Fireball over Rockies was Russian spy satellite, experts say
Russia says its military satellites have been operating normally this month
People from New Mexico to Montana saw the bright object break apart as it moved slowly northward across the night sky. Witnesses described it as three "rocks" with glowing red and orange streaks.
But the fireball that blazed over the Rockies earlier this month wasn't a meteor or other celestial body, experts said. Instead, it likely was part of a Russian spy satellite that fell from orbit and burned up over Colorado and Wyoming.
More than three dozen witnesses filed reports about the unusual sighting, which happened around 10:30 p.m. MDT on Sept. 2. Here are some more details on it:
How do experts know the object was a satellite?
A meteor would have burned too quickly to be seen over such a vast area, said Mike Hankey, the American Meteor Society's operations manager. He added that fragments from the object were even big enough to show up as a weather event on radar just east of Cheyenne, Wyoming.
The object probably was a piece of Russia's Cosmos 2495 reconnaissance satellite, launched in May, said Charles Vick, an aerospace analyst with military information website Globalsecurity.org. Kosmos 2495 was designed to shoot reconnaissance photos and send the film back to Earth in capsules.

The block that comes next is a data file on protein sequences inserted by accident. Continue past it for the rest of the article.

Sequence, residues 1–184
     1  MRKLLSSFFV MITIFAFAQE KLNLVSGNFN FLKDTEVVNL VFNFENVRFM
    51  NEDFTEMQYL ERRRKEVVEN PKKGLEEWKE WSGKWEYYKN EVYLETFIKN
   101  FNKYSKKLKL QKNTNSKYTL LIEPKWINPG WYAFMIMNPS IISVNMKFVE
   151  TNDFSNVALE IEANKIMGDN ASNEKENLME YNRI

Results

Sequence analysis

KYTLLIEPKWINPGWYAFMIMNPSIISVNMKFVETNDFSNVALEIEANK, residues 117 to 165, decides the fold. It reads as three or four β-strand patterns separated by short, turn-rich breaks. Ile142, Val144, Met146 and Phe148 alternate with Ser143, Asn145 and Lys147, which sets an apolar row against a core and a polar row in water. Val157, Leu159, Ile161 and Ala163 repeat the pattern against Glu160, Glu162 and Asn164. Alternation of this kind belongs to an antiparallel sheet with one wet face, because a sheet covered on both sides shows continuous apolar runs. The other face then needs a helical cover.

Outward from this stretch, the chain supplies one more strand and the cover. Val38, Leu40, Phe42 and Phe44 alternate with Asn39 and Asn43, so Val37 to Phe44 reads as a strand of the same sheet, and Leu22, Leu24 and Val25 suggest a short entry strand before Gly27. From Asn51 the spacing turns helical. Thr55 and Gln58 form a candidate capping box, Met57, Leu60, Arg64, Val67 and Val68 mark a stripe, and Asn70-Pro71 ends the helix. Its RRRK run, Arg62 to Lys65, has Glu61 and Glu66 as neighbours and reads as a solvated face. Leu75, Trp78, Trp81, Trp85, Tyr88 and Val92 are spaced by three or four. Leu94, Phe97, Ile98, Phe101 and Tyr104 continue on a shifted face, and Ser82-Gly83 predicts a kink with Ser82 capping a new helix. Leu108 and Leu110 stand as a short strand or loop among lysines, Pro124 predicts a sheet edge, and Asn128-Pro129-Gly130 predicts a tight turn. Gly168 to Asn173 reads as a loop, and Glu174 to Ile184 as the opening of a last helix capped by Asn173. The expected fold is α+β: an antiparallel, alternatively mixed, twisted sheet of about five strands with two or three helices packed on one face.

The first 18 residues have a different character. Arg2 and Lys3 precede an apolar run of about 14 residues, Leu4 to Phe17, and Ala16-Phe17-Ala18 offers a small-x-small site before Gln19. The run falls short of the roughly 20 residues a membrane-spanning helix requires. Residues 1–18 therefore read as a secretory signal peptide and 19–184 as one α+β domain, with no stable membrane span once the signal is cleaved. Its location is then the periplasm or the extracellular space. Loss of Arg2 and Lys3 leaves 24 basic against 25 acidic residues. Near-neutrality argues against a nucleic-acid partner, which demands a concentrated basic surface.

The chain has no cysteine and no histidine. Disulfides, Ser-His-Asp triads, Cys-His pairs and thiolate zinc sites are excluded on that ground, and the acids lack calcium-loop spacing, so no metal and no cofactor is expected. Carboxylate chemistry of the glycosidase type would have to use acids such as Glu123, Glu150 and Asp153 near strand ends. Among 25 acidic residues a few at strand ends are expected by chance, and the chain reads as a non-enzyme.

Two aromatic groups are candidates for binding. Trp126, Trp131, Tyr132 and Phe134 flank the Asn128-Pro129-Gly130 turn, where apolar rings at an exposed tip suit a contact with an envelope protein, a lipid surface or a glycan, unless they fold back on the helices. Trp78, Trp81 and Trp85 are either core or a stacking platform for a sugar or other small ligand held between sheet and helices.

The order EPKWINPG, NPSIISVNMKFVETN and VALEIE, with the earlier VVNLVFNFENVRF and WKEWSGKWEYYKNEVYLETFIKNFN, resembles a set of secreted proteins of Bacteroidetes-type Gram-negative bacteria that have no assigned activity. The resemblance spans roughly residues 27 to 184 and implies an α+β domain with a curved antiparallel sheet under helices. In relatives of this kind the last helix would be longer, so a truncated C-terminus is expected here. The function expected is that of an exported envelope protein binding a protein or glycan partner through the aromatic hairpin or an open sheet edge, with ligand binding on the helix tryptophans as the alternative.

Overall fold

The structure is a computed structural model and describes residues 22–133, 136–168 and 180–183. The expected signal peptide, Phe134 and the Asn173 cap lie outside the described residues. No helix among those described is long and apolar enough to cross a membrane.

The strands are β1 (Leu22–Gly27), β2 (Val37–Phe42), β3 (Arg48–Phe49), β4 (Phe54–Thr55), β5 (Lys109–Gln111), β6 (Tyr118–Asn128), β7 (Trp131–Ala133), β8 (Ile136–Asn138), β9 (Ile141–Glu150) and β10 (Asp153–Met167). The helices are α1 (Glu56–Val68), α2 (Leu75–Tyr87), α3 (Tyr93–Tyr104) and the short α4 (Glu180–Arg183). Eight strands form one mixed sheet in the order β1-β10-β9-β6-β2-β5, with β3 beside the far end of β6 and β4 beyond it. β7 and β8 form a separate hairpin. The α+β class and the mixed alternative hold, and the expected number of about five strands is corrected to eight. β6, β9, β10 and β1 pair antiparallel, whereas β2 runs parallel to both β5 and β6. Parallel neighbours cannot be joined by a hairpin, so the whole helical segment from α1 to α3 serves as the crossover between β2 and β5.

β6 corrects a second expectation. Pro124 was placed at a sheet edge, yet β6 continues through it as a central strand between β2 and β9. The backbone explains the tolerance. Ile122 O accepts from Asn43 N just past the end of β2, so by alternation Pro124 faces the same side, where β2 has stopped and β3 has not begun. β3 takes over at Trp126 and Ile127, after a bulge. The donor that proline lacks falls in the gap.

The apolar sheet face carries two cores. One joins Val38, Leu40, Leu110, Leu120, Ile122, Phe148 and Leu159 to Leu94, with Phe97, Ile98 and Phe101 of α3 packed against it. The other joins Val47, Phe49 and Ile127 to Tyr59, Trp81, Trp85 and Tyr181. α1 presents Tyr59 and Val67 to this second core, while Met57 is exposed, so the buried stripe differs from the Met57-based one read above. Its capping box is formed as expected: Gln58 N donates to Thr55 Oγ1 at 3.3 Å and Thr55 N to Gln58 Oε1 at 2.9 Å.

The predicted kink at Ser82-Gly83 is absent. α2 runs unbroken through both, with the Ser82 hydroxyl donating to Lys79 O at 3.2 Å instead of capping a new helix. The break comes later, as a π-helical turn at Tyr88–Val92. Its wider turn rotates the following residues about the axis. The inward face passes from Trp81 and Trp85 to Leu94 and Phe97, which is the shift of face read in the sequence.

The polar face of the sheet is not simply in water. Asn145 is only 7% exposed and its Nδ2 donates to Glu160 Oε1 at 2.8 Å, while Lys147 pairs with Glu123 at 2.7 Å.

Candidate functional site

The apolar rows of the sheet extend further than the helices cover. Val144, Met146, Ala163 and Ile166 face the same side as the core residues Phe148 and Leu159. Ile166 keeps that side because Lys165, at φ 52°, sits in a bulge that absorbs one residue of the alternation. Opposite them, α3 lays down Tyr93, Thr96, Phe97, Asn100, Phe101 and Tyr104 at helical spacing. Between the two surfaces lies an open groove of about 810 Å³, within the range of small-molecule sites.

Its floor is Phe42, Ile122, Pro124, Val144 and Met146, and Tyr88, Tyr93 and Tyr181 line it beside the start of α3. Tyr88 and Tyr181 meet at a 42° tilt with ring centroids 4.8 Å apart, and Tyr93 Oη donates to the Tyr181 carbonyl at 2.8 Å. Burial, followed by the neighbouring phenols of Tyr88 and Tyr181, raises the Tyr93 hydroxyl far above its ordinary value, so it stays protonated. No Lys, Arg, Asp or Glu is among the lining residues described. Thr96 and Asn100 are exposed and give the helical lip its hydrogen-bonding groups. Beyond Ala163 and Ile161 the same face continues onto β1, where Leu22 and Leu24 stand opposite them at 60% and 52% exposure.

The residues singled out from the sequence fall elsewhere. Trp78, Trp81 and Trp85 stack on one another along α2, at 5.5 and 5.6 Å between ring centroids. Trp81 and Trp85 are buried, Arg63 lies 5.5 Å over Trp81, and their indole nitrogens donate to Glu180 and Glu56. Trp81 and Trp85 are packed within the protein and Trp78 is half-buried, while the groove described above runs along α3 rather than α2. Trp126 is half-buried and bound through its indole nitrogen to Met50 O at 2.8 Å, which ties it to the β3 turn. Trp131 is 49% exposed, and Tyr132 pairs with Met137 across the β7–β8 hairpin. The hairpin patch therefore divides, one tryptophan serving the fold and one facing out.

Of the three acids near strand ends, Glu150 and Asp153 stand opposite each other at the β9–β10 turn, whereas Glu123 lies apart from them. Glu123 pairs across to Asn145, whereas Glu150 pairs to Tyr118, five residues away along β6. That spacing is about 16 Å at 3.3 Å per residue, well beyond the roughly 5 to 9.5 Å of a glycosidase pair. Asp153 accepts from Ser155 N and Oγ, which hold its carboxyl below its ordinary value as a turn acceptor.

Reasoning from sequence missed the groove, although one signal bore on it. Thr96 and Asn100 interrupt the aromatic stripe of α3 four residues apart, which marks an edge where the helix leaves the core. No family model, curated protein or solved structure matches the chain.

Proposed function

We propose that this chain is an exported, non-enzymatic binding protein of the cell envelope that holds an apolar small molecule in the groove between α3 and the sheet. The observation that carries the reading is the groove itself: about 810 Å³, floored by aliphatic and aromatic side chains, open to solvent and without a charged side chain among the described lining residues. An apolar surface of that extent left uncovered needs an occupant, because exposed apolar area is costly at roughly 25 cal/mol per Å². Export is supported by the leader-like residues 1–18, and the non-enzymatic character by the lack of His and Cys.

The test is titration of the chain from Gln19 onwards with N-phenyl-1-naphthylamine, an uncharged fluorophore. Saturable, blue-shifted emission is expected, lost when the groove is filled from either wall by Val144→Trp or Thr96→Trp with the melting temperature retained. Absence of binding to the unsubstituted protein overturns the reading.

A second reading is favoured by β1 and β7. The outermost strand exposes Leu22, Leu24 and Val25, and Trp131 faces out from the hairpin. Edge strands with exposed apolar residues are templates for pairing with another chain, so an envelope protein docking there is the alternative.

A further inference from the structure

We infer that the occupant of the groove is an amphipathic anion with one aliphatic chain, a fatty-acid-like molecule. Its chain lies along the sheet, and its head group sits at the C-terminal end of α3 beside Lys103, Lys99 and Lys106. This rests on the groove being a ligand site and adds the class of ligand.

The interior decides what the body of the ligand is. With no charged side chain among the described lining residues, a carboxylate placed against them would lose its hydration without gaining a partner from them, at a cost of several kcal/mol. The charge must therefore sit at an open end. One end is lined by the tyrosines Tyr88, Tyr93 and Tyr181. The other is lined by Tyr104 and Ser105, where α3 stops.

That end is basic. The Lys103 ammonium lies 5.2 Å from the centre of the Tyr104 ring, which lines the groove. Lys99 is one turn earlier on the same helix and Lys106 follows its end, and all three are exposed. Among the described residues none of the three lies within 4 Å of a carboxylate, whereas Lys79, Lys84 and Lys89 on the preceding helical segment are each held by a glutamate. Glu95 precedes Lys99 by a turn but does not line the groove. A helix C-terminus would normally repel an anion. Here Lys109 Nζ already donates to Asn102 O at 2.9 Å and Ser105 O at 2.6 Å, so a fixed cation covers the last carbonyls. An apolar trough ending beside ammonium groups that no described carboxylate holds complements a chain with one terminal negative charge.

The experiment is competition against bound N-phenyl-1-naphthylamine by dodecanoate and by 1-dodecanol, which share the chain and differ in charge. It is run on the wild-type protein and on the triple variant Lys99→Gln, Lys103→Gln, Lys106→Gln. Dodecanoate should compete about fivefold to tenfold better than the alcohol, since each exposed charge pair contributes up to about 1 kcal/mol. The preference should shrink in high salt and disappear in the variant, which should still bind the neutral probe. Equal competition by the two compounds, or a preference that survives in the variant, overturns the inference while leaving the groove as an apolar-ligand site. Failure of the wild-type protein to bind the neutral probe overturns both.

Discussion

What happened to the spy satellite?
It delivered film to Russia as intended, but some pieces of the craft remained in orbit until falling over the Rockies, Vick said.
The U.S. Strategic Command, responsible for American nuclear warfighting forces, confirmed that Kosmos 2495 re-entered the atmosphere and was removed from the U.S. satellite catalogue Sept. 3.
So are Russian spy satellites still monitoring U.S. military installations?
Yes. They're basically spying on the same things they kept an eye on during the Cold War, said John Pike, director of Globalsecurity.org. "Deployed hardware, airplanes, ships, tanks, factories, new intelligence facilities, all that stuff," he said.
The satellites are looking for targets for their nuclear weapons, Pike said. "They're looking for the same things that our spy satellites are looking for."
How many spy satellites are out there?
Jonathan McDowell, an astronomer with the Harvard-Smithsonian Center for Astrophysics, estimates that there are 98 operating spy satellites in orbit, launched by at least six nations.
Of those, 37 are from the United States, 30 from China and just three from Russia, he said. Many of those satellites are old, and probably half are in full operation, McDowell said.
Gen. William L. Shelton, former head of the U.S. Space Command, has said about 1,100 satellites orbit the Earth, and the U.S. Defence Department operates fewer than 100.
Russia has more than 100 satellites — including reconnaissance, weather and communications.
What do the Russians say about this month's event?
Their military satellites have been operating normally, a Russian Defence Ministry spokesman told the ITAR-TASS news agency Sept. 9.
"One can only guess about the condition representatives of the so-called American Meteor Society were in when they identified a luminescent phenomenon high up in the sky as a Russian military satellite," said the spokesman, Igor Konashenkov.